My Dad passed away on Monday after a brief fight with lung cancer. He was 67.
What am I going to do without my Dad ?
I’m 39 years old and have instead felt more like a 9-year old for much of this week. Sometimes it’s difficult just to get from one room to another without breaking down. So many things remind me of him. Things feel so empty. It is so hard.
My family and I have been blessed this week to be surrounded by so many people who love us. I’m especially appreciative of those who have spent time comforting my Mom. Friends and family members, some we haven’t seen in a long time, have helped so much to ease some of the pain. But the pain is just so persistent. It hurts all the time.
I’ve been comforted by the Psalms this week. I read Psalm 41 this morning. Psalm 26 earlier this week. Psalm 23 was read at my Dad’s memorial service. I’m also reminded by this familiar verse from Revelation…
“He will wipe away every tear from their eyes, and death shall be no more, neither shall there be mourning, nor crying, nor pain anymore, for the former things have passed away.” (Rev. 21:4 ESV)
This week I’ve found myself envying those who lived when Jesus was here on Earth. The woman at the well (John 4:1-45), the paralytic (Mark 2:11), the blind man at Bethsaida (Mark 8:22-26). I feel a longing for Jesus to be here physically as He was then to comfort me as he did those individuals. Of course, I know He can sympathize with my trials now. But I just wish He were sitting right beside me now. I guess that’s a lack of faith on my part, but I can’t help it…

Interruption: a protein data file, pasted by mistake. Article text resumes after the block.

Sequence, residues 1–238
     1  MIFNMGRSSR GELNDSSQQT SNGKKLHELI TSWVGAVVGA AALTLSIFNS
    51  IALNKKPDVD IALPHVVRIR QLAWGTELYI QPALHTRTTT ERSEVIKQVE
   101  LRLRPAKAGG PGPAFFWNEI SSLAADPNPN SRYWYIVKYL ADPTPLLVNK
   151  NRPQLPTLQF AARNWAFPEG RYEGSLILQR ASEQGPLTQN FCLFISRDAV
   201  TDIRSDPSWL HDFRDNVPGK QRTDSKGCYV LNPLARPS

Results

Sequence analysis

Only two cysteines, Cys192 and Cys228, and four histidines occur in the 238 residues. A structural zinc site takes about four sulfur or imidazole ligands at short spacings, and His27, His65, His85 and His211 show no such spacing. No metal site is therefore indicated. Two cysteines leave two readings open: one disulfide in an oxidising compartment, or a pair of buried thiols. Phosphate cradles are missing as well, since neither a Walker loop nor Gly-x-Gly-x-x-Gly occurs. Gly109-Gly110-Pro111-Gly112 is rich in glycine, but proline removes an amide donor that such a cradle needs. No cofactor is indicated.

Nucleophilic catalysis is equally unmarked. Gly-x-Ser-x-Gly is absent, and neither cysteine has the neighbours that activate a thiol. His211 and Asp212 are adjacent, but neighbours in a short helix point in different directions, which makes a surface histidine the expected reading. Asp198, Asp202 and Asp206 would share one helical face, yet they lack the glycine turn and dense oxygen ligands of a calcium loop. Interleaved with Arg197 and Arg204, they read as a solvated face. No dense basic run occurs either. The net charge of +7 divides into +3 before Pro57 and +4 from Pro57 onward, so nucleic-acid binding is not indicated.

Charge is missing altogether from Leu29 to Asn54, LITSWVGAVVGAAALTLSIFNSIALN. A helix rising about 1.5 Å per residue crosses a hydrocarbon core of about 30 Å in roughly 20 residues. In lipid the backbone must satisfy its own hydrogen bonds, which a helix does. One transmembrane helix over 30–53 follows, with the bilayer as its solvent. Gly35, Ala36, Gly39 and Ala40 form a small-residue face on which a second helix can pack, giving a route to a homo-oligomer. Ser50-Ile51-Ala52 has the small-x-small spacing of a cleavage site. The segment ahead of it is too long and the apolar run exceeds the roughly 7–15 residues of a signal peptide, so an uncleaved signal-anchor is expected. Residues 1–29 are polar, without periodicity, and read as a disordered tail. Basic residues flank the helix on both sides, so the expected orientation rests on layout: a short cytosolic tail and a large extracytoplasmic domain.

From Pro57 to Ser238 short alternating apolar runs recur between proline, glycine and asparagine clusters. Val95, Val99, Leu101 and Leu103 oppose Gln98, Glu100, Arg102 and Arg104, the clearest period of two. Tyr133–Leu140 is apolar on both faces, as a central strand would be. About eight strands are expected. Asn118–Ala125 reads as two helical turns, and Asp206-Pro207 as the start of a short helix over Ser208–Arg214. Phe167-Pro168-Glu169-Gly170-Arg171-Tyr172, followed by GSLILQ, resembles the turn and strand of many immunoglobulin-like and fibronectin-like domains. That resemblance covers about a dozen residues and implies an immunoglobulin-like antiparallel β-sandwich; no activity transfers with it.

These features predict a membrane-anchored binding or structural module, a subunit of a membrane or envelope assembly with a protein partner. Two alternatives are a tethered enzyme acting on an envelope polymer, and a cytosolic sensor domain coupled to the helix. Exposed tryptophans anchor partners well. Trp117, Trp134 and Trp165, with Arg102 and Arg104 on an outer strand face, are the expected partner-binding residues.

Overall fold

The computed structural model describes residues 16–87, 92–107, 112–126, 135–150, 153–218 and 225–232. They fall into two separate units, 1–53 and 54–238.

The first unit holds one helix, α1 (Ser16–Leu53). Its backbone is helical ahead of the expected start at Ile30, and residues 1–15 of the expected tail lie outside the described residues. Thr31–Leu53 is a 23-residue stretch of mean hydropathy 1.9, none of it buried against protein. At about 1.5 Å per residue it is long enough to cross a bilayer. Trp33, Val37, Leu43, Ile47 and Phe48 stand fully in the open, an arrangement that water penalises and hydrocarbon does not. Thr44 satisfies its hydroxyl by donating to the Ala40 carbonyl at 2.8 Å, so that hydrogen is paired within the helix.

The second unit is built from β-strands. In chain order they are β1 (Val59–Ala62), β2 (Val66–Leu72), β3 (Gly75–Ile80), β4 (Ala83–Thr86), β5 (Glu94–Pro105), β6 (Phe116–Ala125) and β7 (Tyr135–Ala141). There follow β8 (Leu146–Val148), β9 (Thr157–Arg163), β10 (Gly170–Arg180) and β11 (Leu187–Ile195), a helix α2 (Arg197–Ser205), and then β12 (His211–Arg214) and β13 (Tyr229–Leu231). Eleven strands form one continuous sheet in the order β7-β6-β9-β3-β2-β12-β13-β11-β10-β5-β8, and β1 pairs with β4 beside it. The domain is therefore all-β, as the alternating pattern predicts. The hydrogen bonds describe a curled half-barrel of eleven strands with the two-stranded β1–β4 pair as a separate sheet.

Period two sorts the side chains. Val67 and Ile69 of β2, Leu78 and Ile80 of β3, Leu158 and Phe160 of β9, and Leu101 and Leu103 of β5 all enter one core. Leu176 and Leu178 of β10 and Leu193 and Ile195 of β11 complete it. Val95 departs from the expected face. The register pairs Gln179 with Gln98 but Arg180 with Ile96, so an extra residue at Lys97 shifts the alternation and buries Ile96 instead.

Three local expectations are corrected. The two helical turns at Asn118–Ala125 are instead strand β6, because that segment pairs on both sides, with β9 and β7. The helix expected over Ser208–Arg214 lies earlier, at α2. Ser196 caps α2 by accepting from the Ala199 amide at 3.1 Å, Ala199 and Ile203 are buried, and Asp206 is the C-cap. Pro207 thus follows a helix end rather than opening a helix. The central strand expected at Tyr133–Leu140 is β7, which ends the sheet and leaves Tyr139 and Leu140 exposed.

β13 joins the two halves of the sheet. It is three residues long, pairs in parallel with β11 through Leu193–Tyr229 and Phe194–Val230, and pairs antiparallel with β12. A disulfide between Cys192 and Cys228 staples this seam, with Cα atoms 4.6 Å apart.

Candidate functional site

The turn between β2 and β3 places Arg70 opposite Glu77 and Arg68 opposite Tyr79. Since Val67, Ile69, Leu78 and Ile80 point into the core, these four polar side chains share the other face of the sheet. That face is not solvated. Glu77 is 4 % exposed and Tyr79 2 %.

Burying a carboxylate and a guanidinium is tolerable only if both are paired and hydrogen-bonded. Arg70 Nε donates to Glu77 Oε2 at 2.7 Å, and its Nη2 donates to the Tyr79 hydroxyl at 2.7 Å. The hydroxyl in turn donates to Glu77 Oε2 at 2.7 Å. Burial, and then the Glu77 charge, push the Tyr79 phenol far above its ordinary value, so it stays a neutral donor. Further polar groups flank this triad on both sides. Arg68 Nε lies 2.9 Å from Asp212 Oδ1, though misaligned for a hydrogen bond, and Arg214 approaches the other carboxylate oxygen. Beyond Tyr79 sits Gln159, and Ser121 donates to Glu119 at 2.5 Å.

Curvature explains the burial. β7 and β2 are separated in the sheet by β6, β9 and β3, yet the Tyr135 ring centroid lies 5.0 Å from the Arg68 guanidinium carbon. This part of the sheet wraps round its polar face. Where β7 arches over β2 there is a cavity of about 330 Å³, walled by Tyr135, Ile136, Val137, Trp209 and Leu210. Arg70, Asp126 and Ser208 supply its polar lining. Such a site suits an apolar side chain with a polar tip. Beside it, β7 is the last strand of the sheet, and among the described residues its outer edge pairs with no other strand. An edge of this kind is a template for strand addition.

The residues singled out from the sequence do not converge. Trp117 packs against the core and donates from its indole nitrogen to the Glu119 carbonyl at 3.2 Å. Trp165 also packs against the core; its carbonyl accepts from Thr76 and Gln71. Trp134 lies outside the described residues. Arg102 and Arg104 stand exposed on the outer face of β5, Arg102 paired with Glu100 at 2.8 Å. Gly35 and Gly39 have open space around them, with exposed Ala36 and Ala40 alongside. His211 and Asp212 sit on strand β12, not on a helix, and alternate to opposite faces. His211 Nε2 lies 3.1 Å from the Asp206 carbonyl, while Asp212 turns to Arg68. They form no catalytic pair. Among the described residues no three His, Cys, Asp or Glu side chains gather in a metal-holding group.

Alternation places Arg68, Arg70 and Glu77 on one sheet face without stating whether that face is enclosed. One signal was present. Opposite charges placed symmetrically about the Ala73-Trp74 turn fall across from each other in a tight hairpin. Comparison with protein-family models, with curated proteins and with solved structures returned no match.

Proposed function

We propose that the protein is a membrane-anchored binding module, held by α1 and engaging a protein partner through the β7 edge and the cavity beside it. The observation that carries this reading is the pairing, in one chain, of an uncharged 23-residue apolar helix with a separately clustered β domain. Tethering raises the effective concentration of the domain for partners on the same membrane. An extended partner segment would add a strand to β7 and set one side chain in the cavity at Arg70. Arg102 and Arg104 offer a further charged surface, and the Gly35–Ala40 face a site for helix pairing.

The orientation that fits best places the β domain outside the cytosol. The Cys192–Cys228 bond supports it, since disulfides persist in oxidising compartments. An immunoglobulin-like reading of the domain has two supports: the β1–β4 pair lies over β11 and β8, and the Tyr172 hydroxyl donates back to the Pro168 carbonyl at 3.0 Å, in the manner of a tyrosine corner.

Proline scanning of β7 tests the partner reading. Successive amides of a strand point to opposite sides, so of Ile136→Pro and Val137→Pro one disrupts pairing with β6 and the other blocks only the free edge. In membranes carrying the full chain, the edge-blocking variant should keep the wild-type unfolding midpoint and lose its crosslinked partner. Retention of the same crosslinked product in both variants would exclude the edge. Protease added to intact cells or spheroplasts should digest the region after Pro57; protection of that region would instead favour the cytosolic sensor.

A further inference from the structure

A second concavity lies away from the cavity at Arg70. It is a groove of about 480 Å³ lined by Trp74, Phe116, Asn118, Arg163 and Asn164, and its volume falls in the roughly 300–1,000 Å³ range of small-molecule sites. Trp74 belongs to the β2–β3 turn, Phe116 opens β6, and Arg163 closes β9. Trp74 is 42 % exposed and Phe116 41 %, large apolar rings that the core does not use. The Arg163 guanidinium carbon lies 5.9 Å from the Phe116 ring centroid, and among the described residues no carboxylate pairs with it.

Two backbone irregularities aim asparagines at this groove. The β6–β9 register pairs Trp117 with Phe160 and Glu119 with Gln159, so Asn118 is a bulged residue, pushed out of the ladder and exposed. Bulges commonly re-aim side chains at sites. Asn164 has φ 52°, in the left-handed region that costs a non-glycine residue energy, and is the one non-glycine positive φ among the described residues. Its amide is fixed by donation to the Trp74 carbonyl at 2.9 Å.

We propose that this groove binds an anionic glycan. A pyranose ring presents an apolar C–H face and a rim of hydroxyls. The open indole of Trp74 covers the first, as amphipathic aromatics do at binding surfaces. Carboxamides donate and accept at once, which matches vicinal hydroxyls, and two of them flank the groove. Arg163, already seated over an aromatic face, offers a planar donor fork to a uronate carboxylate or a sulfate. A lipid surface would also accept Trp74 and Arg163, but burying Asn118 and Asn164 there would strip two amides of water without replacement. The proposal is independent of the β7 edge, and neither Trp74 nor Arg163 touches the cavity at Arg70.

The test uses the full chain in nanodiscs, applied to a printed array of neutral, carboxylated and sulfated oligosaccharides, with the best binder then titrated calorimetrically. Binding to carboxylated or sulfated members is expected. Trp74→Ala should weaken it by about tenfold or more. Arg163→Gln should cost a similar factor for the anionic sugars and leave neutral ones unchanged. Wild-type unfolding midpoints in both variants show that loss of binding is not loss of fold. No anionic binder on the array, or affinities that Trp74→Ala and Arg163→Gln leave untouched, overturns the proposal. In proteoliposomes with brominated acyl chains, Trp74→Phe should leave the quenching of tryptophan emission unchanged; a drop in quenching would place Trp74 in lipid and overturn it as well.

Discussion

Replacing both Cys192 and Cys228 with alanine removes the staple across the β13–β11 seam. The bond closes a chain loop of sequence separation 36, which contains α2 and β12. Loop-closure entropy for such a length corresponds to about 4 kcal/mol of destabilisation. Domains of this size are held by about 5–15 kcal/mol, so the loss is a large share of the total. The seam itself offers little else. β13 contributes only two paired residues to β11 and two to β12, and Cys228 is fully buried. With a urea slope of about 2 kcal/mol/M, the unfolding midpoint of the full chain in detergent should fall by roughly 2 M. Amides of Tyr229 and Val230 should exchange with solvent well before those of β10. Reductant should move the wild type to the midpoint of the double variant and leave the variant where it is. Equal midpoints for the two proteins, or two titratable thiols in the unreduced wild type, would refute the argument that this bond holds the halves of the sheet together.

I can’t begin to count how many times in my life I’ve thought or said, “I have to check with my Dad on this.” I always felt the need to have him weigh in on things and was always so glad when he did. He always enjoyed going with me to buy a car and haggle with the salespeople. One time we were at a Toyota dealership and the salesman and my Dad kept going back and forth on a certain discount that my Dad felt I was entitled to. Finally the salesman came back from meeting with his manager. He said to my Dad, “Look, I’m giving you everything but my pants on this deal !” My Dad said, “Keep your pants, Jerry, just give us the discount !” He made everyone laugh. I will miss his sense of humor terribly.
Sundays at our house were always a hub of activity growing up, usually revolving around sports, good stories, and lots of food. What else could you expect with a predominantly Italian family ? And even as a mix of Irish, English and who knows what else, my Dad fit right in 🙂 They all ribbed one another, but it was always in good fun. Sadly, many of those family members are gone now, and we talk about how difficult it is to see the empty chairs. And now there’s one more…
My Dad did not talk about his faith much, and to my own shame, I talked about mine with him very rarely. I guess I always thought there was still so much time to do so. In that regard, I failed my Dad – and God – miserably.
My eyes just have a constant burn from all the tears. It’s so tough. I can think of no real way to get comfort other than to draw nearer to God and to stand on His promises. So that’s what I plan to do, by His grace.
Thank you Dad – for everything. Goodbye for now. I love you.